Both golfers are using the past four years to better themselves on the course and off and relish the time they spent at NDSU, despite the long hours it takes to be a successful student-athlete.

"Your passion for the game has to be there 100 percent," said Roth. "It's not easy; there are a lot of days you've just got to grind through it, but it's so rewarding. The people we meet and are coached by; we play the best sport because our arena changes every time. The places we've been able to travel to, I would never imagined that I'd go there. Our bad day is better than most."

Looking back at their careers, the success was there, but the relationships they built are what stand out.

"Honestly, I couldn't tell you about the wins we had," said Roth. "It was more about the trips we took. We just have so much fun together."

NDSU head coach Matt Johnson employs the whole team in recruiting incoming freshman or transfers, making each player part of the decision-making process.

"He gets our input," said Hutchinson. "One sour egg and the team falls apart."

The former Lakers duo have been attached at the hip and meshed together by the game of golf since middle school. With a bit of distance between them this summer, there is a bit of change and adaptation necessary.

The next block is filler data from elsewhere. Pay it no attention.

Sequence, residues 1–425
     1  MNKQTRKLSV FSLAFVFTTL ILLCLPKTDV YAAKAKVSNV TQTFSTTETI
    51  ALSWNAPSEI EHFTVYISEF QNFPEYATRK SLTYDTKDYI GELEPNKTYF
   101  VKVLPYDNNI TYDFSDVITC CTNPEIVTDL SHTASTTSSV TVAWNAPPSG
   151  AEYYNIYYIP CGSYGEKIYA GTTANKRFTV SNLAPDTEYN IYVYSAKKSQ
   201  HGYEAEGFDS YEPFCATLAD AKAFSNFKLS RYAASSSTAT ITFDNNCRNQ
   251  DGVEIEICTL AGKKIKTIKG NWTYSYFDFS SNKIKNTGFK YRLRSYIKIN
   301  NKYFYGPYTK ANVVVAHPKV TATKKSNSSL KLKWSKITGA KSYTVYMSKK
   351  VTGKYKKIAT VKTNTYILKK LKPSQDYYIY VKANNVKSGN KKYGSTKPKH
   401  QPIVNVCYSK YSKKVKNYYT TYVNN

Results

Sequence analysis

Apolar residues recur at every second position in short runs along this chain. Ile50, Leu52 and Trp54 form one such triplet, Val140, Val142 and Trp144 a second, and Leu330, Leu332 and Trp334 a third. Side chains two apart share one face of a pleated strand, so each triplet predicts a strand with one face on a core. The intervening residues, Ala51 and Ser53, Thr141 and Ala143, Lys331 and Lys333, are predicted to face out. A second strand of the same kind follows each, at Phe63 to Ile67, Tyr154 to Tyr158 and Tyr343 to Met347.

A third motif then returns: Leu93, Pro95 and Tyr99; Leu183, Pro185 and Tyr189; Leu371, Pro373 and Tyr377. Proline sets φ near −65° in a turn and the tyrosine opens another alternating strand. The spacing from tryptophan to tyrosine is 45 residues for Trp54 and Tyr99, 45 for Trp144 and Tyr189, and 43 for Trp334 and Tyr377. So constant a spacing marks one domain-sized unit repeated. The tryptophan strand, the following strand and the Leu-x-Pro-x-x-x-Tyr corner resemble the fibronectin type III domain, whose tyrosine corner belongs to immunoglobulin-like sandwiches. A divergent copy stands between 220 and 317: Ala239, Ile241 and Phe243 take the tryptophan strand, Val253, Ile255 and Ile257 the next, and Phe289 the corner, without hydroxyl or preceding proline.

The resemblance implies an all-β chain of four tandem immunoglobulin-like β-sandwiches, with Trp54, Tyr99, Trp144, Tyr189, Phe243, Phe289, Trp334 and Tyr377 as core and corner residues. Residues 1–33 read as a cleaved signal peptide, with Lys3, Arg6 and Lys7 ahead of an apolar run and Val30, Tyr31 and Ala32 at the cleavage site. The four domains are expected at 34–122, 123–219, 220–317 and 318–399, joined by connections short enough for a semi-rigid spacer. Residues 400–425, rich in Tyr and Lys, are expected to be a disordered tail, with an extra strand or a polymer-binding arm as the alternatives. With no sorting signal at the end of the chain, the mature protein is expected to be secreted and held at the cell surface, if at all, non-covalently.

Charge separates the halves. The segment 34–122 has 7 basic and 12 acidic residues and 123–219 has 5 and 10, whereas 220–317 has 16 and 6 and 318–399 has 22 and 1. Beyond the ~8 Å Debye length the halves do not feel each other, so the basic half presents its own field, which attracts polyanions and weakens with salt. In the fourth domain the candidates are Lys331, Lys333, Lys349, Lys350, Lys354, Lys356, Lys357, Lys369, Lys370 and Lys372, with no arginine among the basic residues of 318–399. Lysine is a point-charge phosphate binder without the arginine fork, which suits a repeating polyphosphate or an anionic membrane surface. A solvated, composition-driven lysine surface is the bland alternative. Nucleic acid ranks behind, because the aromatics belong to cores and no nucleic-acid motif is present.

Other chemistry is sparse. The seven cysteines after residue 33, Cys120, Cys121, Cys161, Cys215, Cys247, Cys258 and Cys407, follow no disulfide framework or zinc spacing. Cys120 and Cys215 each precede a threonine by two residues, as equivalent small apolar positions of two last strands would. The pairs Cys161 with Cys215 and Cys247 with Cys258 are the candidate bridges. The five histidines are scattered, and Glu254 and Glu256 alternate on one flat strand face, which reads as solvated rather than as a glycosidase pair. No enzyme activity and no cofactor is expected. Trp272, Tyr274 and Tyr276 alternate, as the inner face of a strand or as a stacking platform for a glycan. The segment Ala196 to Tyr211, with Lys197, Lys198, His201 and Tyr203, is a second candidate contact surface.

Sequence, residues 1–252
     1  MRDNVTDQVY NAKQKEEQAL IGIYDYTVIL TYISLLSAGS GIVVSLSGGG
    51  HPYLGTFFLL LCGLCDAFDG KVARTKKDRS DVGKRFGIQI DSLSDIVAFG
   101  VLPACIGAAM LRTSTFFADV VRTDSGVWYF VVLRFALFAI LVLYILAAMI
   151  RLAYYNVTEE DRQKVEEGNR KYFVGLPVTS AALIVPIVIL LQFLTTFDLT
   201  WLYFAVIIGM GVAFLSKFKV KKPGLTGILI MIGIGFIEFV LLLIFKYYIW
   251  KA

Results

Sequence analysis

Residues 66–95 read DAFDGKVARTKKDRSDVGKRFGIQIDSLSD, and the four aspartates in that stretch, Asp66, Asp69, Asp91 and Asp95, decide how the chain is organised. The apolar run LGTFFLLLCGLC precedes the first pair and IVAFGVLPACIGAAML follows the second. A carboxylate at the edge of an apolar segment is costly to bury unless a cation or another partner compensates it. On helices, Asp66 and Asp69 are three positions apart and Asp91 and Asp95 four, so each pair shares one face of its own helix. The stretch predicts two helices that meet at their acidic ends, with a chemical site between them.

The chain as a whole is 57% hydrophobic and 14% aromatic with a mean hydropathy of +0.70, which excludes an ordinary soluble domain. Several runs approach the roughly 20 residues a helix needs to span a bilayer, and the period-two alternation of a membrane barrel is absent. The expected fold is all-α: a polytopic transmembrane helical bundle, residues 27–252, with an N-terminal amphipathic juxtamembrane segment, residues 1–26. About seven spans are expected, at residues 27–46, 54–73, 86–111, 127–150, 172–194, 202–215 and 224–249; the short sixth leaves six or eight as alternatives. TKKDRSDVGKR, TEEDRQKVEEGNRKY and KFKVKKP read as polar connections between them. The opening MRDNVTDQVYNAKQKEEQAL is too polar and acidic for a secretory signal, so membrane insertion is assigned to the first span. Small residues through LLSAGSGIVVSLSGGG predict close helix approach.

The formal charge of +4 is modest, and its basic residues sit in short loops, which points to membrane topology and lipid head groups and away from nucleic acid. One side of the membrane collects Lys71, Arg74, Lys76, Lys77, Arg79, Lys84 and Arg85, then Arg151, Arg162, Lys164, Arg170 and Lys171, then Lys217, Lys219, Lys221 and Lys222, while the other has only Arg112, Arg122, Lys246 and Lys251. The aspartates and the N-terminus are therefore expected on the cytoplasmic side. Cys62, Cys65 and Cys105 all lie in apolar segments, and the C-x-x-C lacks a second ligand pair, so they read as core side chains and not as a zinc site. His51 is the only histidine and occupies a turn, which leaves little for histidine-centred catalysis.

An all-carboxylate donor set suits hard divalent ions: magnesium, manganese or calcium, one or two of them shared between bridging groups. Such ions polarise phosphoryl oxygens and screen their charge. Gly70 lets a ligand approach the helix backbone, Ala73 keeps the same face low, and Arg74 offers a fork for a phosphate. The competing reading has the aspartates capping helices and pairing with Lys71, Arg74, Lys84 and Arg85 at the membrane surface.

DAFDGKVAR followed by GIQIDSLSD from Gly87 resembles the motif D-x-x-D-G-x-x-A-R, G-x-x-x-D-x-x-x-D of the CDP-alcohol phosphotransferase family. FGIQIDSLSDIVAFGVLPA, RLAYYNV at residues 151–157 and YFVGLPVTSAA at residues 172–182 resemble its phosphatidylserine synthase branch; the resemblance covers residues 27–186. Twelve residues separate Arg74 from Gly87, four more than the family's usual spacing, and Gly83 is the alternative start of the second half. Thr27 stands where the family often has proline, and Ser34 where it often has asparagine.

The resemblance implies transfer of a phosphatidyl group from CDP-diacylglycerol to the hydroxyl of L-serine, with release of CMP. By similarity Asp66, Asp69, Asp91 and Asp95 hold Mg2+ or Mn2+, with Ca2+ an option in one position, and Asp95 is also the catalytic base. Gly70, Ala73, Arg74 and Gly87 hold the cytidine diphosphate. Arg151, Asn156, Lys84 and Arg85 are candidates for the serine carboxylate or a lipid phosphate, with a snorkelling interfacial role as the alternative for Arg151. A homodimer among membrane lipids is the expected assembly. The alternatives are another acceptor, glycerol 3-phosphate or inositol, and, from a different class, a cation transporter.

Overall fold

"Nat and I are best friends," said Hutchinson. "Even when we're apart, we'll stay in touch. It's going to be weird when we would have started up for practice and not having that."

Johnson has had a profound impact on both women.

"Being the coach of women's golf at NDSU is his dream job," said Roth. "He loves it. When he shows up with a good attitude and is ready to go that bounces off of us and we all vibe off of that. He's been a blessing to every player that has gone to NDSU."

The DL legacy at NDSU will continue this fall when 2018 graduate and Lakers team leader Maddie Herzog joins the Bison ranks.

"It's awesome," said Hutchinson. "I'm not taking credit for her going there, but we played together and I was, 'So, where are you going to go to school?"

Herzog was pondering Concordia in Moorhead, but Hutchinson made the pitch for NDSU and helped make the sell.

"NDSU is literally one big family, especially student-athletes," said Hutchinson. "It's definitely a championship mindset there."

Watching Herzog and this year's Detroit Lakes girls team cement a third consecutive Minnesota Class 2A state championship and a sixth in seven years, dating back to when Roth and Hutchinson were Lakers, is another championship mindset - one that they had big contributions in creating.

"I love it," said Roth. "Golf is not easy. We understand what it takes to win, but for the girls to carry on and win year after year, it's so impressive and not just something in the water. It's these girls deciding they want to keep the legacy alive and stay competitive."